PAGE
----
Some thoughts on school choice

When I was four years old I went to preschool. We called it headstart but basically it was the same thing. In fact I did two years of preschool, I think because of where my birthday fell on the kindergarten cut off, but that was over 20 years ago so my memories are fuzzy. I did not fail preschool if that’s what you are thinking. I remember it was fun for the most part. There were the normal amount of issues arising from the beginnings of realizing how awkward forced groups can be. However, I loved the big foam blocks and a few friends I accumulated. There was even a pageant and a fluffy white dress. I won something from it but I don’t think I won first place. I’m pretty sure that went to the girl with the bigger budget for a nicer dress. Anyway, it was all pretty normal except that my mom would teach me at home how to count and how to read.

I went on to Kindergarten which was an ok experience but I already knew how to read, phonetically, not with sight words. I could count well past 100 and color in the lines so there was little for me to learn there. I was well behaved unless there was a prospect of going to the dentist. I meandered through. I had a kindergarten boyfriend who’s cousin alternately said mean things about me and planned our pretend wedding. I think it was probably a normal experience. I remember the DARE speaker and school lunches.

I was in the gifted program in 1st grade which meant that I got pulled out of class periodically for gifted classes. That was probably the only thing that saved my first grade experience. The first grade teacher made no secret that she hated me for pretty much everything I did. She continually asked me questions in hopes I wouldn’t be able to spell the word or solve the math question. The only time I ever got in trouble for anything in school that I can remember aside from the time I punched a bully in the balls for telling my friend Barney had died, was when I finished a spelling test faster than she thought I should have, which is absurd because basically she meant that I was writing each answer too quickly as she said the words. She kept admonishing me to take more time to spell each word and I just kept spelling them on my paper as she would announce them. This was 20 years ago but I can still remember the moment she made me go pull a stick for spelling too fast. I was humiliated. My whole world revolved around learning and knowing things and being a good girl who did what was expected the best that I could.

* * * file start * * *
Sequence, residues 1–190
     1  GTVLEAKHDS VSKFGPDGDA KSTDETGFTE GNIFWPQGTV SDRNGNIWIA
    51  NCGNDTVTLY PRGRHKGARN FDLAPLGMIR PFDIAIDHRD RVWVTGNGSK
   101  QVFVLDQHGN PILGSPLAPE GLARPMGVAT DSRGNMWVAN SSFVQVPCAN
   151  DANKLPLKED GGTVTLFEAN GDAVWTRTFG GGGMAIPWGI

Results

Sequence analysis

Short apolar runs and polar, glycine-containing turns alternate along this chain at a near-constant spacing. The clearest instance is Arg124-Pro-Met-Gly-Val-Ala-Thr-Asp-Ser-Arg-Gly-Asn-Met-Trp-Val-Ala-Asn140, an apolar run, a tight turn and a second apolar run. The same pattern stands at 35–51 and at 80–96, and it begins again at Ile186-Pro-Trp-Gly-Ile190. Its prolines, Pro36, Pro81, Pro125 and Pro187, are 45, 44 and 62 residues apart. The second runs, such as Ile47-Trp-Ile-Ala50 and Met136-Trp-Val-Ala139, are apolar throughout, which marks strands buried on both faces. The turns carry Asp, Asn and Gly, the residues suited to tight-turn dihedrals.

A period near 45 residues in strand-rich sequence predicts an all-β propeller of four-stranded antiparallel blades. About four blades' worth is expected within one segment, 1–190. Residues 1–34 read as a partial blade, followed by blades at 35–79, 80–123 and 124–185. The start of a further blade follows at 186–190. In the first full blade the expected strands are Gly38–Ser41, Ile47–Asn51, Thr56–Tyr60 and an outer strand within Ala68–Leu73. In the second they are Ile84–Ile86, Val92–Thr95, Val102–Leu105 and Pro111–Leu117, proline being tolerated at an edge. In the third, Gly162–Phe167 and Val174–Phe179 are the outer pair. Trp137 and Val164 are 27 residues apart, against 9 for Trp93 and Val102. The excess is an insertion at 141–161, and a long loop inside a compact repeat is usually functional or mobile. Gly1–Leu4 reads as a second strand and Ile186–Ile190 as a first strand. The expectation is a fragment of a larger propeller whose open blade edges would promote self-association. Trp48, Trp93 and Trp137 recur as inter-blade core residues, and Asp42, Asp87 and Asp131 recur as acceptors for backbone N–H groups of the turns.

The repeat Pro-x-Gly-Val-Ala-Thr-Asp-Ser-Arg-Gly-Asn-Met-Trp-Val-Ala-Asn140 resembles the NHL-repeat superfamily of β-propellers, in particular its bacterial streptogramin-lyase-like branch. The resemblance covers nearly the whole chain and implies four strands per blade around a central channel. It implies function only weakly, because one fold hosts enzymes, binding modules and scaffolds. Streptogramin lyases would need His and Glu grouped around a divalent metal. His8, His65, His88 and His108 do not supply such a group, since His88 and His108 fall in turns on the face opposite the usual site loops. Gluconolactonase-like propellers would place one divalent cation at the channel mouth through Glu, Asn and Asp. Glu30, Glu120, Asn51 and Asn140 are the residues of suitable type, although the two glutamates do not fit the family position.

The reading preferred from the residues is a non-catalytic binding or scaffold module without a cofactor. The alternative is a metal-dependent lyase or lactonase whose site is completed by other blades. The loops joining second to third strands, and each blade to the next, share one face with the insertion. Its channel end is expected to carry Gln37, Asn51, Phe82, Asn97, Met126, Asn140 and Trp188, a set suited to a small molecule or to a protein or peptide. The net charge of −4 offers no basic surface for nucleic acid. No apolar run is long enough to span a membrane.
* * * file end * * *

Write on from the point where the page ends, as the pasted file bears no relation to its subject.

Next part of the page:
In my gifted classes that behavior was praised and rewarded but back in my first grade classroom anything out of the standard of my teachers idea of normal was looked down on, verbally abused or punished in whatever creative way she could come up with without involving anyone outside the classroom, like my mother who would have blown a gasket had she known how awful that woman was. My mother did know to a degree and she did have many a confrontation with that teacher. To add in more issues I was sick. I missed 64 days of Kindergarten due to respiratory illnesses. I was in and out of the hospital most of Kindergarten. I don’t remember if it was as bad in first grade but I never got behind. I would do the work at home and work in the Abeka workbooks my mom provided. By the end of my first grade year I hated going to school. I loved to learn. Thankfully the teachers assistant and my gifted teacher had nurtured my love of learning where my first grade teacher attempted to quash it but I hated school. Two or three weeks into my second grade year my mom pulled me out along with my brother who had just started kindergarten.

We joined a co-op, used Abeka for the first few years and set out to learn all there was to learn. I was reading well above my grade level and steadily developing math sense I wish my cousins had now. I realize homeschooling isn’t for everyone. In fact I would venture to say it isn’t for the majority, but I am ever thankful my mom decided it was for us. I love to learn even now. I like to think I’m not particularly socially awkward. I’ve been successful in my chosen profession. What people fail to realize about homeschooling is that it doesn’t have to be an isolated or isolating experience. You can homeschool anywhere including on an impromptu trip to the zoo or the grand canyon. There are so many curriculum choices now and co-op options and support systems that my mom didn’t have. Something I can still appreciate about this country, when I am pretty ashamed of it otherwise, is the right to choose what sort of education our children receive. Thanks mom.


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